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How can I connect to a remote (VNC) Ubuntu Desktop 16.04 with default configuration, but no internet access (i.e. no other way of installing additional software). On my remote machine there are no restrictions to install anything.

The first question was about windows->ubuntu, and there was no solution. I wonder if there would be a way using the same OS? I know the questions seem a bit strange, but there is a serious application background, so plz bear with me and only consider "no way" if you are really sure. Thanks

  • It's the same. Either way you'll have to install something. Either use a temporary internet connection or download to a different PC. And this assumes the remote computer has some way to be connected remotely. How exactly do you expect to do that without internet? – user589808 Jan 15 '17 at 18:10
  • @CelticWarrior. The PCs are connected via LAN on site and remotely via VPN. The LAN itself has not a connection to the internet. Thats acutally not a very unusual configuration. And everybody that has been a victim of a cypto trojan will be at least thinking about the benefits of such a setup. Was it clear that the target PC has had a full Ubuntu desktop installation, just after that noch specific additional SW. – CatMan Jan 15 '17 at 18:29
  • @Rinzwind: I am not sure I understand what you are saying. Its not possible to connect a couple of computers without a internet router? I am not talking about initial configuration. Thats done with the Ubuntu DVDs. I am trying to keep the question as short as possible and to the point. Can you say in what respect its unclear? – CatMan Jan 15 '17 at 18:29
  • The PCs are connected via LAN on site and remotely via VPN. The LAN itself has not a connection to the internet. Except for the VPN, right? It's hard to imagine otherwise. – user589808 Jan 15 '17 at 18:33
  • I was told not to discuss and I am trying to, but why is it so difficult for people to accept that not every computer has internet access by design for very good reasons. Are those computers have no right to use ubuntu? On Purpose the question was not about whether or not that it is a good setup, but does ubuntu offer features to make life easier in such a setup. Please believe me that this is a very physically possible and feasible setup and lets concentrate on the question itself, will we? – CatMan Jan 15 '17 at 18:51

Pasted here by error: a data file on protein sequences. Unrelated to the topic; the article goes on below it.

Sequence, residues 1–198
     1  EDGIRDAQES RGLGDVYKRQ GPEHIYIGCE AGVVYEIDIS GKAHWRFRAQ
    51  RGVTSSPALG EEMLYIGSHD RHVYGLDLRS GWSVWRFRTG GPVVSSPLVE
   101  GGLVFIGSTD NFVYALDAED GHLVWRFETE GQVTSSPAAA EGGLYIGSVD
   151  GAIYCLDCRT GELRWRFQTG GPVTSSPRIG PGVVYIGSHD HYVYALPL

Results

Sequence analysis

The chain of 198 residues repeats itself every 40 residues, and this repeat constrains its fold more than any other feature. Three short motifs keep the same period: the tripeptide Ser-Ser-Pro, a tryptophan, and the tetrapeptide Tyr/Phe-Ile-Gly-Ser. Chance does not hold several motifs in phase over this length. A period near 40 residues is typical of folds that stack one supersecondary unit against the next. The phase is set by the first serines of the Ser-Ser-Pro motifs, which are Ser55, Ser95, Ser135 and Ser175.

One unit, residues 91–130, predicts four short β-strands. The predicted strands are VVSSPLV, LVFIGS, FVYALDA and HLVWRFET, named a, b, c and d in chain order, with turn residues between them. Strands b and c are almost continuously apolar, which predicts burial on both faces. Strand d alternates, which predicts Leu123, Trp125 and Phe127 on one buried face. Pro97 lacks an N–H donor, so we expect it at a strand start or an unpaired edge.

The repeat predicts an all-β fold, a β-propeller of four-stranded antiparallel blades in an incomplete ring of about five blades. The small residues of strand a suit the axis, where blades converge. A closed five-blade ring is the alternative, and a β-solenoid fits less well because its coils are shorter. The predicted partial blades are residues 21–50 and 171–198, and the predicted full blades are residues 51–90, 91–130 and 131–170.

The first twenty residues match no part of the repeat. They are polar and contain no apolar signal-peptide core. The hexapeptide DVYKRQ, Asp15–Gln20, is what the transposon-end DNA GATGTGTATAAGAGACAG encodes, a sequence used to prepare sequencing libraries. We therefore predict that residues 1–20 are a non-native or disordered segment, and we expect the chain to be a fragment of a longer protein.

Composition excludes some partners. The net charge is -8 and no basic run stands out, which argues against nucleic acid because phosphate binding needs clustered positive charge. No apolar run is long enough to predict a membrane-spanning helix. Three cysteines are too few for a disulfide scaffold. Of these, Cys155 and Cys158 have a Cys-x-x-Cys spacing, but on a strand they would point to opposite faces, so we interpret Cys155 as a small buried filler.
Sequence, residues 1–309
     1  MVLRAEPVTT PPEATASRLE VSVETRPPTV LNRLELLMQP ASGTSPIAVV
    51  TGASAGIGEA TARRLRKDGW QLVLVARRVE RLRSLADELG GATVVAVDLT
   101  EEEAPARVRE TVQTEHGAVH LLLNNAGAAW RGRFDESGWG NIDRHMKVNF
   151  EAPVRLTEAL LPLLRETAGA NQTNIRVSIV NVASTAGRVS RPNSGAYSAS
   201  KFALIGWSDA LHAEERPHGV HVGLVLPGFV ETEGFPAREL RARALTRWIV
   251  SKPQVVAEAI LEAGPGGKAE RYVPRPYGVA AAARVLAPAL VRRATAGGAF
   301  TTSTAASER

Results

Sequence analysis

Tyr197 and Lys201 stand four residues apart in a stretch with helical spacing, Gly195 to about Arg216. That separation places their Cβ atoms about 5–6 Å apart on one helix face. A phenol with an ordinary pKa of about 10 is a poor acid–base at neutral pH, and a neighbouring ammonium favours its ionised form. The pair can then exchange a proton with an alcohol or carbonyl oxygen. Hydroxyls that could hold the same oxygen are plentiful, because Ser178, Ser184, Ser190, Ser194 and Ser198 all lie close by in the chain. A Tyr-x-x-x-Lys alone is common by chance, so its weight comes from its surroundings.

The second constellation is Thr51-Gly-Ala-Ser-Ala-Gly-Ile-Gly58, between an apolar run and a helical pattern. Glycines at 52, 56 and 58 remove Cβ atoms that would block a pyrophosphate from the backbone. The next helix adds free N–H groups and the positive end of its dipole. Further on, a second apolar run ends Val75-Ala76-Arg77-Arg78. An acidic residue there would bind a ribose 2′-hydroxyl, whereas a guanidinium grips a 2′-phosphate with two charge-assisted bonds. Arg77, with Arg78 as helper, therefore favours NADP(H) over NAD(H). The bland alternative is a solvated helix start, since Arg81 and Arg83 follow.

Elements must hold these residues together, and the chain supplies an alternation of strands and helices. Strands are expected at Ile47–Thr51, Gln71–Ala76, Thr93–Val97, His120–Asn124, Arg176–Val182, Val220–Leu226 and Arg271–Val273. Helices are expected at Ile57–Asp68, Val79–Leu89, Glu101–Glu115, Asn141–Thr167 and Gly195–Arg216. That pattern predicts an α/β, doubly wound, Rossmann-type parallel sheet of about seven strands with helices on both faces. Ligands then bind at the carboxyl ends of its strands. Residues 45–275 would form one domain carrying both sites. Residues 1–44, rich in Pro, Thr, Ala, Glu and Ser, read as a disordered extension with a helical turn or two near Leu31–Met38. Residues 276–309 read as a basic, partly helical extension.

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Download the latest OpenSSH for Windows binaries (package OpenSSH-Win32.zip)
Extract the package to a convenient location (we will use C:\openssh in this guide)
As the Administrator, install SSHD and ssh-agent services:
powershell.exe -ExecutionPolicy Bypass -File install-sshd.ps1
Generate server keys by running the following commands from the C:\openssh:

.\ssh-keygen.exe -A

Open a port for the SSH server in Windows Firewall:
    Either run the following PowerShell command (Windows 8 and 2012 or newer only), as the Administrator:
    New-NetFirewallRule -Protocol TCP -LocalPort 22 -Direction Inbound -Action Allow -DisplayName SSH
    or go to Control Panel > System and Security > Windows Firewall > Advanced Settings > Inbound Rules and add a new rule for port 22.
To allow a public key authentication, as an Administrator, from C:\openssh, run:
powershell.exe -ExecutionPolicy Bypass -File install-sshlsa.ps1
and restart the machine
In C:\openssh\sshd_config locate a Subsystem sftp directive and change the path to sftp-server to its Windows location:
Subsystem sftp C:\openssh\sftp-server.exe
Start the service and/or configure automatic start:
    Go to Control Panel > System and Security > Administrative Tools and open Services. Locate SSHD service.
    If you want the server to start automatically when your machine is started: Go to Action > Properties. In the Properties dialog, change Startup type to Automatic and confirm.
    Start the SSHD service by clicking the Start the service.

These instructions are partially based on the official deployment instructions. Setting up SSH public key authentication

Follow a generic guide for Setting up SSH public key authentication in *nix OpenSSH server, with following differences:

Create the .ssh folder (for the authorized_keys file) in your Windows account profile folder (typically in C:\Users\username\.ssh).
Do not change permissions for the .ssh and the authorized_keys.